# Understanding nzMatrix

## nzMatrix Layered Architecture

nzMatrix has a layered architecture, consisting of an NZPLSQL layer with its API and a C++ layer, which is not exposed as an API. The C++ layer performs many of its functions by calling the Intel MKL library, including PBLAS and ScaLAPACK routines. PBLAS and ScaLAPACK are proven libraries of highly scalable distributed matrix routines that rely on BLACS and MPI for interprocess communication. For more information on UDAPs, refer to the User-Defined Analytic Process Developer's Guide.

## Matrix Storage and Access

The Netezza Matrix Engine stores data in the currently connected database using standard Netezza
database tables beginning with the prefix **NZ_MAT_**. As a best practice, you should set
privileges to hide these tables from direct access by standard users. The standard Netezza Analytics
privilege-granting scripts, **create_inza_db.sh** and **create_inza_db_user.sh** are used to
modify the permissions. While elevated privileges allow direct access to nzMatrix tables, it is not
recommended because direct access could result in code incompatibility with future versions of
nzMatrix or data corruption.

The create_inza_db_user.sh script grants users the necessary privileges to execute the nzMatrix stored procedures registered in the NZM database. It is recommended that you create additional databases for connection purposes, rather than using the NZM database.

The nzMatrix NZPLSQL stored procedures allow interaction with matrices. nzMatrix provides routines for creating matrices from and saving matrices to user-accessible Netezza database tables in Row/Column/Value format. nzMatrix also provides routines for listing and deleting matrices stored in the database as well as for creating identity matrices, random matrices, and others.

When a given database is shared, the matrix namespace is also shared. Therefore, if a metric is created while connected to shared database, that matrix is accessible to any user who has the proper privileges to work in the shared database. This is different than tables where, by default, users do not have visibility into other users' tables. Note that you cannot create a new matrix with the same name in the shared database without first deleting the previously created matrix.

## nzMatrix General Limitations

nzMatrix uses the 64-bit double precision floating point approximate numeric data type for storage and computation of matrix element values. Row and column indices are stored as 32-bit integer values, allowing up to 2,147,483,647 rows and columns. Row and column indices begin at 1; a zero index value is not permitted.

nzMatrix computations are automatically distributed across the Netezza appliance. Computations that make use of PBLAS and ScaLAPACK are automatically queued FIFO and run one at a time. If a computational step that uses PBLAS or ScaLAPACK is being performed, any other users' attempt to do the same are queued.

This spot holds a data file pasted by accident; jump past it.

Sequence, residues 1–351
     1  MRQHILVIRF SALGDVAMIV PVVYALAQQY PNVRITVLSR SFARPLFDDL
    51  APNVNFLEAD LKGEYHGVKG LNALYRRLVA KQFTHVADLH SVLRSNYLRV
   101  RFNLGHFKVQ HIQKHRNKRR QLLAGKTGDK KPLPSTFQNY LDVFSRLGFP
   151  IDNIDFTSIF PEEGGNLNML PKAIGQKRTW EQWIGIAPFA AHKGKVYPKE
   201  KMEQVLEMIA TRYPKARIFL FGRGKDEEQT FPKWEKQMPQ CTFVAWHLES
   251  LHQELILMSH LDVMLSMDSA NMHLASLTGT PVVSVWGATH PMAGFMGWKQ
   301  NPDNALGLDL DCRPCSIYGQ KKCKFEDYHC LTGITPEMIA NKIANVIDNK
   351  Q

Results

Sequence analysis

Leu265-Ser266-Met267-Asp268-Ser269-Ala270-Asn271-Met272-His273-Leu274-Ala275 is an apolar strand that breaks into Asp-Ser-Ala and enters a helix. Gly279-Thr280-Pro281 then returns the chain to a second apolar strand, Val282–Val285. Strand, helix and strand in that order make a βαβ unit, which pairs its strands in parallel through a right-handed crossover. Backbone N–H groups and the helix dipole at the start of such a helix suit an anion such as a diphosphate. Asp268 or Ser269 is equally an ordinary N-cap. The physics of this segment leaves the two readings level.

`CAll NZA..SP_MPI_STATS():`

`CALL NZM..KILL_ENGINE(<job_task_ID>);`

Calculations using PBLAS or ScaLAPACK consume S-Blade RAM for temporarily holding input matrices, intermediate work matrices, and result matrices. Each matrix element consumes 8 bytes. Exceeding available RAM may result in aborted computations and an "Out of memory" user error. Available RAM equals total RAM minus the RAM requirements of the Linux operating system, the Netezza software, and concurrent, unrelated queries.

For example, an IBM Netezza 1000-12 with 12 S-Blades and 16 GB of RAM per S-Blade, performing the matrix multiplication of two 65,000 x 65,000 element matrices, consumes its available RAM and aches approximately 1 hour. Performing the Singular Value Decomposition of a 45,000 x 45,000 element matrix also consumes the available RAM and takes approximately 7 hours. These are maximum limits and assume minimal concurrent queries.

## Scalability

Memory requirements and computation time grow rapidly as matrix dimensions increase. The amount
of memory required to hold a matrix with *n* rows and *n* columns is proportional to
*n* squared, and the number of operations required to multiply, invert, or decompose such
matrices is proportional to approximately *n* cubed.

## Random Number Generators

Netezza Analytics provides a set of wrappers for the Intel Math Kernel
Library random number generators (RNGs). The SQL API provides a set of stored procedures that
generate matrices filled with pseudorandom values drawn from given probability distribution. See the
*Netezza Matrix Engine Reference Guide* for a description of each stored procedure. See Intel Math Kernel Library Vector Statistical
Library Notes for more information on the RNGs.

## Bulk Algorithms

From Version 3, IBM Netezza Analytics provides bulk algorithms that you can use to work on many smaller matrices in parallel.

- Bulk matrix operations
- Bulk linear regression
- Bulk principal components analysis (PCA)

For detailed information about bulk algorithms, see the *IBM Netezza In-Database Analytics
Developer's Guide.*